How Yoga Screwed Up My Creative Life

 In Science
Note: My mode for this blog is about your optimal creative workflow – not my humdrum life (You can glimpse doses of my mostly undramatic life in my personal essays). But many queries lately about yoga and Yoga As Muse prompted me to recount this one. I hope it encourages you to share your own.

By my early thirties, Suffering and I had a good thing going. A pinched nerve in my right trapezious that paralyzed me some mornings. A shock of graying hair. And my mind’s faculties straining like a car running only on a generator. Concentration was all but shot. Words on the page grew hazy. My imagination was ready to call it quits.

Then I got the message. One Saturday afternoon in November, determined to sit in meditation for five minutes, I cried. I cried because I was losing my mind, the one I thought I had cultivated so deliberately in my 20s through intense focus, asceticism, a vegetarian diet, and occasional Zen meditation.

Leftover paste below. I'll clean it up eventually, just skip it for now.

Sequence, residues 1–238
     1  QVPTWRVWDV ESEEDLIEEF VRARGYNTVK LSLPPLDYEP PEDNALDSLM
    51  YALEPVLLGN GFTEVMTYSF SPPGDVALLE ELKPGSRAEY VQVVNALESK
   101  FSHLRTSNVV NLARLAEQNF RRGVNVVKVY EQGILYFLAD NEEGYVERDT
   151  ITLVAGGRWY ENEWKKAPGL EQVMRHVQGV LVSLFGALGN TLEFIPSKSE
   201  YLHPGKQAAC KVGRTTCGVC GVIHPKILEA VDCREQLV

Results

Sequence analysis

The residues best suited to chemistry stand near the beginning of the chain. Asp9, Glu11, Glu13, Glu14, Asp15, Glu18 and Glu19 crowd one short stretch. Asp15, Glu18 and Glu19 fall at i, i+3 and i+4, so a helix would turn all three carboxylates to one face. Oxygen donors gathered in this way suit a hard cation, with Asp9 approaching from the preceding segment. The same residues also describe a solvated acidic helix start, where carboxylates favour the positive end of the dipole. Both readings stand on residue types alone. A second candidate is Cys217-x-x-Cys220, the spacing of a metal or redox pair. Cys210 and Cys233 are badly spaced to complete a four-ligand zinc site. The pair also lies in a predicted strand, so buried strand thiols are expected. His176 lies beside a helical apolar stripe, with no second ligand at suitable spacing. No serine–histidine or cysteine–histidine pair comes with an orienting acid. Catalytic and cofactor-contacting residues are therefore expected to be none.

Could there possibly be a better way to live a creative, deliberate life?

What was missing? A lot. About 95% of the equation of having an optimal mind, I would later realize.

That afternoon, I got an answer. An old part of my mind said, “Yoga.” Yoga had been – when I was 19 years old in college – the only thing that helped me feel at home in my body. But I had abandoned the practice as soon as I had started it.

I knew that afternoon, in my early thirties, I needed to return home without going back to an old self.

A few weeks later, I found a free yoga class on the floor above a funky Indian restaurant. The next morning post-class, I already felt better. So I went back. And back.

My body buzzed electric, and so did my mind. My imagination lit up with images and feelings “inside” all the way down to my right big toe. Within weeks, traces of my focus returned. And for the first time, this adult man started to feel, really feel nuanced emotions. Scary stuff.

All that buzz charged my writing with a wide-open access to metaphors and images and emotional nuances and cadences – without losing the critical faculties necessary to discriminate  mania from what works.

And with a new fire and focus, I could do something with that mystery box.

But something else happened, too.